High rates of life insurance policy lapses and “churning” are largely the fault of product manufacturers, not financial planners, says the head of a large non-aligned dealer group.

“The definition of a lapse is still unclear. And the more we’ve looked at this over the last six to 12 months, the more you can see that the issue is driven by the product manufacturers themselves, not the advisers,” says John de Zwart, managing director, Centrepoint Alliance.

His comments come just a week after the federal government issued its response to the Life Insurance Framework via a statement from Assistant Treasurer Kelly O’Dwyer.

The Trowbridge effort

De Zwart was part of the industry’s first recent attempt to respond to the regulator’s concerns about high rates of poor life insurance advice, the Life Insurance and Advice Working Group, chaired by John Trowbridge.

He says a lack of certainty around life insurance prices is, in many cases, the reason some policyholders and their advisers switch to different product providers within the first few years of a policy being put in force.

This is something he says was quite clearly evident in a number of submissions the Trowbridge inquiry received.

In one case, a client’s life insurance premium increased by 20 per cent, prompting them to approach a broker for a new quote.

“They came back with a 30 per cent reduction on his new life insurance premiums. Both were with the same product manufacturer, and the same policy type.

The pricing problem

“The issue is that product manufacturers are pricing new business at one rate, and then repricing it in two to three years,” de Zwart says.

He concedes there is “a certain logic to it – if a life insurer has a tranche of clients it takes this year, then over the next two to five years, the better lives [insured] will seep out to cheaper products.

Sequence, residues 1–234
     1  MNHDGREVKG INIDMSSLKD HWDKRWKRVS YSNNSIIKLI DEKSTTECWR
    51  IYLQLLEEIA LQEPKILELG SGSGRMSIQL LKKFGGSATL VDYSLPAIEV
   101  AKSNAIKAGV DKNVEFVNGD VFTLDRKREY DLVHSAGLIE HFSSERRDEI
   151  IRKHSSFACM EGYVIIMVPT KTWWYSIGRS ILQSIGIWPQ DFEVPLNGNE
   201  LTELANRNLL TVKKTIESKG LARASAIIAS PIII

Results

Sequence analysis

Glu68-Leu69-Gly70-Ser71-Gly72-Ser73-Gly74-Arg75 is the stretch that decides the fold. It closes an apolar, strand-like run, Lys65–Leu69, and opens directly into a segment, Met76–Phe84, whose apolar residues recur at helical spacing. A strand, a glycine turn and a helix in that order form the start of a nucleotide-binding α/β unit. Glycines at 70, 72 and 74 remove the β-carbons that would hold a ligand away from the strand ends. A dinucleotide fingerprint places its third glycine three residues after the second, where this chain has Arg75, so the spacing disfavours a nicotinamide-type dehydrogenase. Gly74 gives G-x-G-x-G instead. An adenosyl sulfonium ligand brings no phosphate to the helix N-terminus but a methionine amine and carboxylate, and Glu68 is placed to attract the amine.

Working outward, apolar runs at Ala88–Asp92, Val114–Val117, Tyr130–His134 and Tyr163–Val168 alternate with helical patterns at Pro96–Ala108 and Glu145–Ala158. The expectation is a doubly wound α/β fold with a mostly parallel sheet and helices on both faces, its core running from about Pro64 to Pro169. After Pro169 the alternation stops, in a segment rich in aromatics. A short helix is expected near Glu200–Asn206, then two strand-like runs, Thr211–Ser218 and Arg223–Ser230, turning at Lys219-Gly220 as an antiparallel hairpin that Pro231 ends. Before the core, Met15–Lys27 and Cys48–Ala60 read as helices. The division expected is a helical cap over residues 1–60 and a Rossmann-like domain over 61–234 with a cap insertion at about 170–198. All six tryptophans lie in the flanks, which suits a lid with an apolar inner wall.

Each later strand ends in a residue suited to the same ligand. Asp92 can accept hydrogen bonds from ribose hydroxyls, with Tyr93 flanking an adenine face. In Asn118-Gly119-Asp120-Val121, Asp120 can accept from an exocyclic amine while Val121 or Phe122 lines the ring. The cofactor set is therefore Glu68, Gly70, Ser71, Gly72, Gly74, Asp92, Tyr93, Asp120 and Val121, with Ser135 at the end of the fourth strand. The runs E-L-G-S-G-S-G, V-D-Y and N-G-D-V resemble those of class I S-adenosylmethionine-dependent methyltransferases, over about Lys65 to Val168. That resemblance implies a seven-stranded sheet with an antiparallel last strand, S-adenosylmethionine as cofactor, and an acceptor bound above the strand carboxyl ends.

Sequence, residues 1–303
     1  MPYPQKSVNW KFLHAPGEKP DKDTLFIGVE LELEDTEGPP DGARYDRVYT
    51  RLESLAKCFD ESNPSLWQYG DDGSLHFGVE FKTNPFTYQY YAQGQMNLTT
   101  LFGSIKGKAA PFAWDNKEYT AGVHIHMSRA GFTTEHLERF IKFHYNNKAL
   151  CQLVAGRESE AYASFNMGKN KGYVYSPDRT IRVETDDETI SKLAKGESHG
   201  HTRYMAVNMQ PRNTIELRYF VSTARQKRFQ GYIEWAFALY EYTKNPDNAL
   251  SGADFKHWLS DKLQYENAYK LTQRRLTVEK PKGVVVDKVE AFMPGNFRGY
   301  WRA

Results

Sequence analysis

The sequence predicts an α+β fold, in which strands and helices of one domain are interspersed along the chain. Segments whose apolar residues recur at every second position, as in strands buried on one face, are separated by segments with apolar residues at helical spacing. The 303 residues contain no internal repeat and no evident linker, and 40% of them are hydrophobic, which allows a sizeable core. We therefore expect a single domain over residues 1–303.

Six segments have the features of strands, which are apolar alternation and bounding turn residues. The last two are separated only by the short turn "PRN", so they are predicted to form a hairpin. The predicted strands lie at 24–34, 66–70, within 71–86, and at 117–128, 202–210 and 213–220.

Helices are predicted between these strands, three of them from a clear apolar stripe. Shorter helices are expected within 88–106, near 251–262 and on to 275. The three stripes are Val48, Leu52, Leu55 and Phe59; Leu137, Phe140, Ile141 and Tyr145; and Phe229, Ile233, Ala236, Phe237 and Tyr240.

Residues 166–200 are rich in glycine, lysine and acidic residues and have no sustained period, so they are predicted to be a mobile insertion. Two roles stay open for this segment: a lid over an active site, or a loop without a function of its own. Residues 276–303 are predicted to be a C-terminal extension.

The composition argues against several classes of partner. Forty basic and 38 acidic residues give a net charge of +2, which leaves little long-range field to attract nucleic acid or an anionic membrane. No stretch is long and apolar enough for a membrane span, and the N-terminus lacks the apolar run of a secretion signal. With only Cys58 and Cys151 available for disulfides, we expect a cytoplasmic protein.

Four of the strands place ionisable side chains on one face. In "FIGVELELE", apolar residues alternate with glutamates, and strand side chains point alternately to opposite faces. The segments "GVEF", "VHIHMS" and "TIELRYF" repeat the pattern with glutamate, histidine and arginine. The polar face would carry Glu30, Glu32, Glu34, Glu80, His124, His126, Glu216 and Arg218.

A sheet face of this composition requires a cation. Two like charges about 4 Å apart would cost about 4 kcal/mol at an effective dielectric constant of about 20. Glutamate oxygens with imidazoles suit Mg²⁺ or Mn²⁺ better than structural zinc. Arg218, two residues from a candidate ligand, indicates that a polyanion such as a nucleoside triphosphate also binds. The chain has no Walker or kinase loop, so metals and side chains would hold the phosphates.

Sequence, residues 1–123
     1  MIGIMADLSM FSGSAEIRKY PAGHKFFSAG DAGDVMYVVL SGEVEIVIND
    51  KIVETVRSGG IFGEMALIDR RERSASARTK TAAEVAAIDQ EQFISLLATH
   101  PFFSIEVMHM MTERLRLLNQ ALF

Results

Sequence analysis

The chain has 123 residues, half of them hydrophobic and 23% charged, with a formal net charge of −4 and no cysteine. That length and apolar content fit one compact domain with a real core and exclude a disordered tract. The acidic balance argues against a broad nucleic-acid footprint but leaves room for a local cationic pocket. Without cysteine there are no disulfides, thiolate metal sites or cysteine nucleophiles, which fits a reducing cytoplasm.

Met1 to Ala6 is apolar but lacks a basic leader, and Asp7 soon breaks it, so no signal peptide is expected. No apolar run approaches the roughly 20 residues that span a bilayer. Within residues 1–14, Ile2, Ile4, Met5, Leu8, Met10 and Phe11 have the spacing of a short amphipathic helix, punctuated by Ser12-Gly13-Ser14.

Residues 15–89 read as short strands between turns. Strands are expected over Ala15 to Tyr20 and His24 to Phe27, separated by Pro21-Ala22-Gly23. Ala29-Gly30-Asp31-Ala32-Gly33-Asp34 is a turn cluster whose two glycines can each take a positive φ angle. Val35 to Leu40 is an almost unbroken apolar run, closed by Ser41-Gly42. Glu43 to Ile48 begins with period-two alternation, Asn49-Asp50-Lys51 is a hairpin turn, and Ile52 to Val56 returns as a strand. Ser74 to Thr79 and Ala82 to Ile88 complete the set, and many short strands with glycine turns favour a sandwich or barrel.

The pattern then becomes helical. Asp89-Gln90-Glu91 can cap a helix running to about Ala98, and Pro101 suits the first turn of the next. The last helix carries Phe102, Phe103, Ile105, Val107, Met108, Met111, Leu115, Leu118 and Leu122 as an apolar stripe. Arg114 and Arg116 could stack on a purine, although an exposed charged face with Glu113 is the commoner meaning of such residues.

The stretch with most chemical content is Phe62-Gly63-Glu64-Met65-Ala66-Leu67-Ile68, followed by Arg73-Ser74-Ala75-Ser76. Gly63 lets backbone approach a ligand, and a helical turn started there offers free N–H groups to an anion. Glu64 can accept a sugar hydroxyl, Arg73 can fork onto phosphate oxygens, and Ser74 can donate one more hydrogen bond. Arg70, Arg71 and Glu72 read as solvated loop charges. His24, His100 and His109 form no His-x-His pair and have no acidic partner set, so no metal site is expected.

“The poor quality that lies in that book will remain there, so in five years’ time, the claims experience on that book will be different to a book that has only been in place for one year,” de Zwart says.

To help address this problem, on Tuesday this week, Asteron announced it would hold off on premium increases inside the two-year responsibility period.

De Zwart believes it is likely other insurers will follow this lead.

“I think it’s heading in the right direction. We are moving towards more of a professional, less replacement type of business across the industry.

“I think there’s been a bit of an awakening among the product manufacturers that the model needs to change … I think you’re going to see simpler products, or simpler underwriting.”

However, he also suggests the viability of risk-only advisers will decline over time.

“More life insurance is going to be written in hybrid businesses. Whether you will have pure life insurance specialists any more … I suspect it’s going to be a combination of investments, mortgage broking and insurance done in-house – which is a more robust business model.”

Glenn Freeman is a senior journalist for Professional Planner. He has around three years’ experience in financial services journalism, having also covered broader areas of business including M&A activity and energy. His journalistic experience includes five years spent abroad, where he was editor of an oil and gas title in the United Arab Emirates along with other in-house and freelance projects, which included stints in motorcycle and automotive journalism.
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